In terms of Scripture, I'm going to read through Luke and Acts this January. I figured it made sense following Christmas to read one of the Gospels, and Acts' focus on the work of the Holy Spirit will be good preparation for further reflection on the fruit of the Spirit.

If you haven't figured out where to go next in the Bible, I'd encourage you to join me in reading through Luke and Acts this January. In Luke, I'll be looking for where I see the fruit of the Spirit evident in Jesus' life, and in Acts I'll be watching for how the Holy Spirit works.

I'll also take the opportunity to encourage you to consider leading an Elements small group. If you've never led a group at NCC before, you can read more here, and for those of you who have, here are the registration instructions.

Thanks for joining us on this nine-week adventure with the Holy Spirit. I'm excited to see what He does with a church full of people seeking to live out the fruit of the Spirit, to model the character of Jesus. We're praying and believing that God will use this to continue His transformation of our neighborhoods, workplaces, and cities.

Fruit of the Spirit Challenge: Reflections on Self-Control

This is a guest post by Susannah Cafardi, NCC Barracks Row Saturday Small Group Director.

Fall Leadership Summit—when the fruit of the Spirit challenge was initially issued—was nine weeks ago; our corporate Daniel fast earlier this year lasted ten days; most marathon training plans are 18 weeks; and a Masters’ degree program is rarely less than a year.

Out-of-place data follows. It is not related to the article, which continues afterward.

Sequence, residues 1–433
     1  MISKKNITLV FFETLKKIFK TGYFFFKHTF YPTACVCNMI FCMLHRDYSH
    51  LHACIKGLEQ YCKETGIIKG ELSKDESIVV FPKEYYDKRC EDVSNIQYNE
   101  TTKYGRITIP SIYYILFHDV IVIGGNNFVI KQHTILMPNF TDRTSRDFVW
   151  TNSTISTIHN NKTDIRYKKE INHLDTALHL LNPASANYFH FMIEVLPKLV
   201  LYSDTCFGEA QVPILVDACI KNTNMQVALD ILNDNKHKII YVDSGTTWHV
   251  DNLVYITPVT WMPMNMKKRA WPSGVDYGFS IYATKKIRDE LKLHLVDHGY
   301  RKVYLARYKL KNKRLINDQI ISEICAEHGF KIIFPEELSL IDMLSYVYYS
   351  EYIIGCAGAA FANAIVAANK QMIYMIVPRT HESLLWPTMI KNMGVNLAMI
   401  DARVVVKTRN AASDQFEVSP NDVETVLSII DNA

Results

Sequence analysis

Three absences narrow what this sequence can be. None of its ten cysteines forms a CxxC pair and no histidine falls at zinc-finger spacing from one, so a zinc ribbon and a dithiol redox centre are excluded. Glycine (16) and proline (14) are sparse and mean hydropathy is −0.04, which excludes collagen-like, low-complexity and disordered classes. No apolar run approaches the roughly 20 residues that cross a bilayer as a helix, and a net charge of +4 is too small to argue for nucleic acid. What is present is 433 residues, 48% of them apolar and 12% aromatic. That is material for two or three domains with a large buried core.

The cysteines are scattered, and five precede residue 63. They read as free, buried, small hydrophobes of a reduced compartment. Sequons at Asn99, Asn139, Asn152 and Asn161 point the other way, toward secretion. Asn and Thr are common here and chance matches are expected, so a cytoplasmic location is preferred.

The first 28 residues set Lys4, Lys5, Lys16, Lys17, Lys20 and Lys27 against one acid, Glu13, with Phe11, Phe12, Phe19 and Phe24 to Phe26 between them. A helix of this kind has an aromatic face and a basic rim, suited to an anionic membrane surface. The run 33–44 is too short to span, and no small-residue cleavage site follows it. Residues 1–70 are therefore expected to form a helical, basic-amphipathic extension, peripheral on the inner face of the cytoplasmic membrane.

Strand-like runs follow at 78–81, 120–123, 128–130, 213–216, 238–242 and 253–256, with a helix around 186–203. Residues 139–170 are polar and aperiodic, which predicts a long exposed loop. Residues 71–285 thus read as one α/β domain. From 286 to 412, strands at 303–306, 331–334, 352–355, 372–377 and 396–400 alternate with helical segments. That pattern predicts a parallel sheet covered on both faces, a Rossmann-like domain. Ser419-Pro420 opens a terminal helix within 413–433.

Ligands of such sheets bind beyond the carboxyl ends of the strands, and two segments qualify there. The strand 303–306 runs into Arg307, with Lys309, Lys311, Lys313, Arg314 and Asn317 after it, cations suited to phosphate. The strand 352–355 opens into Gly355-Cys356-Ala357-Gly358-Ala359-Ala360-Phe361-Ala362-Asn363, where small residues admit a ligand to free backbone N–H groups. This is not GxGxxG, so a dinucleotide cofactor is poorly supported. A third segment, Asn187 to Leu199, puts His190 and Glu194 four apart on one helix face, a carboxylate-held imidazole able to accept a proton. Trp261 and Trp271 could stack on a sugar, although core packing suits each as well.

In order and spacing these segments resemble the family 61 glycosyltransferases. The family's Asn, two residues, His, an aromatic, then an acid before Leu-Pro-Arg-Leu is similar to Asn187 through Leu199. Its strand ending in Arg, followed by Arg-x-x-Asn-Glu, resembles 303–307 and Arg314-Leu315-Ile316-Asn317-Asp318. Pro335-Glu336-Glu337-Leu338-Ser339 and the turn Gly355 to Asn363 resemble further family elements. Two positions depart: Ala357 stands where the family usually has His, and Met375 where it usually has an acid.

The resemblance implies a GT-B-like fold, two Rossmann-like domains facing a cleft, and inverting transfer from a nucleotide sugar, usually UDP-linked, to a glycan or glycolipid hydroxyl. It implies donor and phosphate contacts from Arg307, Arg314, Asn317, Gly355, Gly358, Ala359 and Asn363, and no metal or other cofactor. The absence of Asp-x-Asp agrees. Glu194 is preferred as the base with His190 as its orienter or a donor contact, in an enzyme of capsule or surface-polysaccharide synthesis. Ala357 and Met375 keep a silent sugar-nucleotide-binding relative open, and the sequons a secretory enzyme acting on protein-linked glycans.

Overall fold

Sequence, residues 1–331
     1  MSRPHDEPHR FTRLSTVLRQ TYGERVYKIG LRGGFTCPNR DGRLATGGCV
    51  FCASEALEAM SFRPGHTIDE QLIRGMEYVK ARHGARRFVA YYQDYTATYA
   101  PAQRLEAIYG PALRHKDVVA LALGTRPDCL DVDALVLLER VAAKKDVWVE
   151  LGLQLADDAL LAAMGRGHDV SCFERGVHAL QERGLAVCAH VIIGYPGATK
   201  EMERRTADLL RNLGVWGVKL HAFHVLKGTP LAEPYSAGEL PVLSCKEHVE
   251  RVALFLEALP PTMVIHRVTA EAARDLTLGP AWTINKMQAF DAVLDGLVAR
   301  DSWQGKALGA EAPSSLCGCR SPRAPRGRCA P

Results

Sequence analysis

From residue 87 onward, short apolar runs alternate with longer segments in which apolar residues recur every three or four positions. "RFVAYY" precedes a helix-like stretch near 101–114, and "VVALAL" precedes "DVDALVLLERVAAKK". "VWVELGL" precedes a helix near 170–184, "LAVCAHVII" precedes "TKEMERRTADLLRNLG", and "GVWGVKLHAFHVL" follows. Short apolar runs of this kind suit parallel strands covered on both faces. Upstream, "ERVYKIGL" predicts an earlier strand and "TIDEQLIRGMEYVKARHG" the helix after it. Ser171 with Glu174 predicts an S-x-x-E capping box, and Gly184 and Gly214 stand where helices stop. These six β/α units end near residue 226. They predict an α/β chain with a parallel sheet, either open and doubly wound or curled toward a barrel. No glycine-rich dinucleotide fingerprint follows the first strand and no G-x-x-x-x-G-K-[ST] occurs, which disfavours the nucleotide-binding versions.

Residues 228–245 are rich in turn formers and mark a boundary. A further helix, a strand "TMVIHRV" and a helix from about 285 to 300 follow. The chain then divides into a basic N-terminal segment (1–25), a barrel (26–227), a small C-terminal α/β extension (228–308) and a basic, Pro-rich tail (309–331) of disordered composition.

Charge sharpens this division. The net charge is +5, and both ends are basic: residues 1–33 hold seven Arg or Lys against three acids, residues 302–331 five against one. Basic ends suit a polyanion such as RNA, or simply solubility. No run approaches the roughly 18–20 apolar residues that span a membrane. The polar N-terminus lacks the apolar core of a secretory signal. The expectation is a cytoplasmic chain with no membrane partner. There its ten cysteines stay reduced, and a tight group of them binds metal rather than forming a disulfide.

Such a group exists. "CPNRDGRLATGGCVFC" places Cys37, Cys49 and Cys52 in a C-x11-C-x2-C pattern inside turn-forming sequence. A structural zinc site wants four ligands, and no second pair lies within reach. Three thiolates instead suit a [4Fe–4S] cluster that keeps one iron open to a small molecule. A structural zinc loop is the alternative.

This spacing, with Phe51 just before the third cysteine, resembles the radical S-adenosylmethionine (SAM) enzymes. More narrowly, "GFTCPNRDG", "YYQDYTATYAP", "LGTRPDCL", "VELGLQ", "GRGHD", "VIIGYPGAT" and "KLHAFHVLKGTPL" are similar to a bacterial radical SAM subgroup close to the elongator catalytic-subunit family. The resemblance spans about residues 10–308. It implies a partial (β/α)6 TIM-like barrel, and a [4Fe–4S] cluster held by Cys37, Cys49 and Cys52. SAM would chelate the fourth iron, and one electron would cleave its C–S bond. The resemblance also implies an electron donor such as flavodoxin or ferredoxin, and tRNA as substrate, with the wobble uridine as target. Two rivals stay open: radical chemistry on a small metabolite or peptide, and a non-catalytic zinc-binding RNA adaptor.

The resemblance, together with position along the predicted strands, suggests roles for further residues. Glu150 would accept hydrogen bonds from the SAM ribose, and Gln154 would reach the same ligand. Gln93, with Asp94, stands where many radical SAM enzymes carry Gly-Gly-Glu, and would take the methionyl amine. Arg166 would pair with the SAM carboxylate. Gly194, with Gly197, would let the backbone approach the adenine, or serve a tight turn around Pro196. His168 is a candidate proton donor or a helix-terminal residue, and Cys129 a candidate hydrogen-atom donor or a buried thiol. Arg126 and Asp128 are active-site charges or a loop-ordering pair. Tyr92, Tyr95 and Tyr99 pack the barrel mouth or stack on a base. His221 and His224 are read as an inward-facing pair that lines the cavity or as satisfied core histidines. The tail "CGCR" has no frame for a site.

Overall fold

Spiritual, physical, and intellectual results all require daily self-control and many small choices between the beginning and the goal. As we come to the end of this challenge, I am thankful for moments of intimacy with Him, the opportunities to bless others, and the clarity that I’ve found in the practical application of Galatians 5:22-23.

But getting to this place requires daily decisions that I often overlook and fail to have the self-control to make. In hindsight, I am thankful for the prayer, journaling, and fasting of the last nine weeks. And while it hasn’t been a great season of life (I’ll spare you the details), God has been faithful.

Was it worth it? Absolutely. Were there times where I pounded my fists and cried? Yup. Did I get frustrated and feel like I couldn’t do anything right or catch a break? More times than I’d like to admit. Have I been challenged by what I’m learning about His character and my shortcomings? Definitely. Have I grown spiritually? You bet.

So what if that was just the pre-game?

Let's continue to encourage each another to spend more time in His presence, to make small decisions like they are big ones, to use challenges as an opportunity to dig in rather than retreat, to live out the Scriptures in our daily lives, and to not become complacent with yesterday’s manna.

Game on.

Fruit of the Spirit Challenge: Thoughts on Self-Control

It feels a little weird to be writing about self-control during the week of Christmas. Between all of those presents and Christmas ham—not to mention indulging in all of the hometown food—it doesn’t exactly seem like a season of self-control.

But then, thinking about it a little more, I realized that what we’re celebrating this week is probably the penultimate act of self-control. Almighty God; Creator of the universe; Source of all that is seen and unseen; the One who is omnipotent, omniscient, and omnipresent comes to earth as one of His creations, as a human, foregoing His power and position to walk among us.